In truth there probably isn’t one authentic recipe for Ragu alla Bolognese, but this one is close enough. There are however countless inauthentic ones. It bears little or no resemblance to the dish known as Bolognese or Bolognaise found outside of Italy. It is also never served with Spaghetti!
On October 17, 1982, the Bolognese chapter of the Accademia Italiana della Cucina, “after having carried out long and laborious investigations and conducted studies and research”, announced the following recipe to be the official one. I’m sure that every family in Emilia Romagna has their own version though. Serves 4.
A ragu Bolognese style is a meat sauce that is slow simmered for at least an hour to develop a complex flavor and proper thickness. Cooking the ragu in a heavy-duty enamel or similar pot will hold the heat steady and help to give a velvety texture to the ragu. Bolognese ragu is a classic sauce for lasagne and tagliatelle. The sauce also freezes beautifully.
Bolognese sauce (ragù alla bolognese in Italian) is a meat- and tomato-based pasta sauce originating in Bologna, Italy. It is typically made by simmering ground meat in tomato sauce, white wine, and stock for a long time (often upward of four hours), so that the meat softens and begins to break down into the liquid medium. The original sauce is not done with minced meat; instead, whole meat, usually beef or veal, is chopped with a knife.
Spaghetti alla Bolognese, or spaghetti bolognese which is sometimes further shortened to spag bol, is a dish invented outside of Italy consisting of spaghetti with a meat sauce. In Italy, this sauce is generally not served with spaghetti because it tends to fall off the pasta and stay on the plate. Instead, the people of Bologna traditionally serve their famous meat sauce with tagliatelle (‘tagliatelle alla bolognese). Outside the traditional use, this sauce can be served with tubular pasta or represent the stuffing for lasagna or cannelloni.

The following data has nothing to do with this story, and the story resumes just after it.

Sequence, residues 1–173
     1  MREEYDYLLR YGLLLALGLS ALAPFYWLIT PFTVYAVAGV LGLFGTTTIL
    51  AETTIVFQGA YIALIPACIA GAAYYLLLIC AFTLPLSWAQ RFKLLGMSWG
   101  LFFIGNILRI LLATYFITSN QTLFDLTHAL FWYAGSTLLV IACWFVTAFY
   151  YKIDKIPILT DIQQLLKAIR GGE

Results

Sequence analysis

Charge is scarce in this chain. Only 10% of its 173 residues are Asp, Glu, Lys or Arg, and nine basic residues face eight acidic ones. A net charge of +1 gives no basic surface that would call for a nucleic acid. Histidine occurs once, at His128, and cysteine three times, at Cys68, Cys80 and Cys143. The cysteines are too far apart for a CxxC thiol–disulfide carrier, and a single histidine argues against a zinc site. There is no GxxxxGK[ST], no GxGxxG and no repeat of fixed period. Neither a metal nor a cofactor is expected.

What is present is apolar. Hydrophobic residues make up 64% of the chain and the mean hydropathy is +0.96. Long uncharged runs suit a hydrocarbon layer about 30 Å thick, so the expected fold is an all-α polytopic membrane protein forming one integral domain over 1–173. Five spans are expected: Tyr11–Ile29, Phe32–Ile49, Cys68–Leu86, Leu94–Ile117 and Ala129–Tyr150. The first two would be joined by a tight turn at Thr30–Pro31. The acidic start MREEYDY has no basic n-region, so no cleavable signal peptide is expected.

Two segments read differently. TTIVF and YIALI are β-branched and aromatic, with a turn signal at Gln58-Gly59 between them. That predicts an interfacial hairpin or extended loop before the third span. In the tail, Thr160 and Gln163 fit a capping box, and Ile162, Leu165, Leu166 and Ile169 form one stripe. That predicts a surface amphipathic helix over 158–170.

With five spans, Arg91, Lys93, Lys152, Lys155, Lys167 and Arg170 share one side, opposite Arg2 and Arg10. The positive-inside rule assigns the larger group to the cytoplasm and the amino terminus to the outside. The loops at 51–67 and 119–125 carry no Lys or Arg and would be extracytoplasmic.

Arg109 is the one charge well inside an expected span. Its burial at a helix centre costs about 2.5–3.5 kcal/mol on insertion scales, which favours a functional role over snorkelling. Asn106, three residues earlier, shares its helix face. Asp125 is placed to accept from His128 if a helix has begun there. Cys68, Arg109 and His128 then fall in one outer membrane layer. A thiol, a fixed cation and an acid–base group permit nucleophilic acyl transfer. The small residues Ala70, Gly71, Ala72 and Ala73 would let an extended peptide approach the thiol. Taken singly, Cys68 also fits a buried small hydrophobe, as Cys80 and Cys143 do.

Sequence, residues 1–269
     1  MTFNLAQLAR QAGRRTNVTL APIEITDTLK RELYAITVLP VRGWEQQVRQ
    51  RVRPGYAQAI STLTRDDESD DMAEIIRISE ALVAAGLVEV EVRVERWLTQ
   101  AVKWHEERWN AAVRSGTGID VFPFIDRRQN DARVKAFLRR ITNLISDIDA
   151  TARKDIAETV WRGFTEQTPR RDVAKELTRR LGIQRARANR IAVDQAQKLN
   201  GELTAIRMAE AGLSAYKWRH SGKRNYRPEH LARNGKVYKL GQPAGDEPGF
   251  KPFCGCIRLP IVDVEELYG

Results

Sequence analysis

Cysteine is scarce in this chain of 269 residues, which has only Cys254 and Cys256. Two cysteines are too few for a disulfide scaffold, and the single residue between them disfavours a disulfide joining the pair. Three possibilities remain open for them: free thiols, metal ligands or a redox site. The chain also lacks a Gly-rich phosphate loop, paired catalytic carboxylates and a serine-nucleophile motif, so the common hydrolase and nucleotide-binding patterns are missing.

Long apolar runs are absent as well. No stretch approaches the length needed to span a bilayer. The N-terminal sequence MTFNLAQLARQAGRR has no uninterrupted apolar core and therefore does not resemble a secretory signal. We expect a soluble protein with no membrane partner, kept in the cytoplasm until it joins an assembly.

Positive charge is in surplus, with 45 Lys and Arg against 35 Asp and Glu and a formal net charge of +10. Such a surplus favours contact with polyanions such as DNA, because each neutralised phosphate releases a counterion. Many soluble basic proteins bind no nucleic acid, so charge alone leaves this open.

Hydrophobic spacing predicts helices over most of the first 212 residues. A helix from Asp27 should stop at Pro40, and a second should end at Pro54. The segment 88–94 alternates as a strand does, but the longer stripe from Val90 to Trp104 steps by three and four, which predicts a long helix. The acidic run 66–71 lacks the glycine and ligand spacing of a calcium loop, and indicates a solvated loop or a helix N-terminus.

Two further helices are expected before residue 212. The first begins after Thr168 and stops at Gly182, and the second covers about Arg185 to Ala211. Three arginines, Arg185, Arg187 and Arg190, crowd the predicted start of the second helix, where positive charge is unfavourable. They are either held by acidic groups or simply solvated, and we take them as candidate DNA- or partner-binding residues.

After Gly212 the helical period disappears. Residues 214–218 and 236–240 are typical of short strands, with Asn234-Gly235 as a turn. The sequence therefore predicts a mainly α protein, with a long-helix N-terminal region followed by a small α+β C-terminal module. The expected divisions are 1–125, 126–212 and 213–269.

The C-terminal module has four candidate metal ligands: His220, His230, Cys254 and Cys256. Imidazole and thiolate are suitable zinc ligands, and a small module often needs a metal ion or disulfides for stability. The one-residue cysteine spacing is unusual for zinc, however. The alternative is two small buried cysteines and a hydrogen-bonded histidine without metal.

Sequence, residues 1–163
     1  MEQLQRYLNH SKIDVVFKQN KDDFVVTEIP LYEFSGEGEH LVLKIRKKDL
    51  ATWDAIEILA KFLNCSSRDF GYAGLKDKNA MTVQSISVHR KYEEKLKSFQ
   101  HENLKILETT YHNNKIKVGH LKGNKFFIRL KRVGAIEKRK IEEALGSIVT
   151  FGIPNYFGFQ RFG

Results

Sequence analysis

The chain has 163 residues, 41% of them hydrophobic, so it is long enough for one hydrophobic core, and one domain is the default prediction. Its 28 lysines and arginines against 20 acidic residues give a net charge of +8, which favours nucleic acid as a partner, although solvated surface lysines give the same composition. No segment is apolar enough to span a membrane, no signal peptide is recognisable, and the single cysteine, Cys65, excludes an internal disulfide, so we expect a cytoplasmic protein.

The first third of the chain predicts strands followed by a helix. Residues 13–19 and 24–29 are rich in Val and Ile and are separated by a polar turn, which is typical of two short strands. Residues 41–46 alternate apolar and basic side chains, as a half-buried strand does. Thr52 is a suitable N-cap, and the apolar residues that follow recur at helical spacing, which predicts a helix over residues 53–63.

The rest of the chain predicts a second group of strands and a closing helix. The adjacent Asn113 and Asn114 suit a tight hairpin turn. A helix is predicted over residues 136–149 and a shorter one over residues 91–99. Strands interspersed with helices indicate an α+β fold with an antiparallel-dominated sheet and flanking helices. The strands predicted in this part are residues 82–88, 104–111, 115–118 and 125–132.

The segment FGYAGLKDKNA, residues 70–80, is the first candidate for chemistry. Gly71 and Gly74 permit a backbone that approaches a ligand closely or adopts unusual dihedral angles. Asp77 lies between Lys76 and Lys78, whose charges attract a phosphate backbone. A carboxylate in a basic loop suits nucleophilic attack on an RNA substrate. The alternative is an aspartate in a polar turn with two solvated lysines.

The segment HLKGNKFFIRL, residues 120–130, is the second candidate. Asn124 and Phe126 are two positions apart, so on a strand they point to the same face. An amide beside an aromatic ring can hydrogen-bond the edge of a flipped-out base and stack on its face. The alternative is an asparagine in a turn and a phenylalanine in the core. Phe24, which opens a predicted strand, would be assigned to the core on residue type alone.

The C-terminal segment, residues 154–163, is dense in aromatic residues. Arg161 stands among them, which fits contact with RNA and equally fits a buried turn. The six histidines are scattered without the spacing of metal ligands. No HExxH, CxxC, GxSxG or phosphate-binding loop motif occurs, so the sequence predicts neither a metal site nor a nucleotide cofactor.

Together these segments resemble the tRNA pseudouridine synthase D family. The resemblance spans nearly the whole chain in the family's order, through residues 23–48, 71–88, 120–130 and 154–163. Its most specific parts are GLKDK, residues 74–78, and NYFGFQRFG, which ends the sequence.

While “Bolognese” is undoubtedly the most popular ragù in this country, it is also the most misunderstood.
The ragù you get by that name is usually a characterless tomato sauce with pea-like bits of ground beef floating in it, bearing little resemblance to anything you’d find in Bologna.
And not, in any sense, a ragù.
True ragù alla Bolognese contains no tomato sauce — just enough fresh or canned tomato to add a hint of sweetness and another layer of flavor to a subtle, complex mix. Like all ragùs, Bolognese is characterized by its long, slow cooking, which in this case starts with simmering the meat in milk (to mellow the acidity of the raw tomatoes added later) and wine (some use white, others red), after which the tomatoes are added. The whole lot is cooked together for about two hours
Minestra di ceci from Matera. A few weeks ago some friends and I visited the beautiful town of Matera in Basilicata. After a very pleasant morning sightseeing we visited a restaurant that had been recommended in the ‘Slow Food’ guide – ‘Le Botteghe’ in Piazza San Pietro Barisano. Wonderful simple food. This is my attempt to recreate one of their specialities.
Prepare the artichokes in the usual way. Slice thinly.
Add 4 tablespoons of olive oil to a large pan. Fry the whole cloves of garlic until they are well coloured and then remove them from the pan. Drain the artichokes well and add to the pan. Fry for 5 or 6 minutes until they start to colour.
Remove the artichokes and put to one side. Add the anchovies and break them up with a wooden spoon. When the anchovies have completely dissolved, return the artichokes to the pan. Add the wine and stock. Reduce the liquid to half over a high heat. Remove from the heat, seasons with salt and pepper and stir in the parsley.
Cook the tagliatelle. Drain and toss with the butter (optional). Add to the pan with the artichokes, mix well and serve immediately.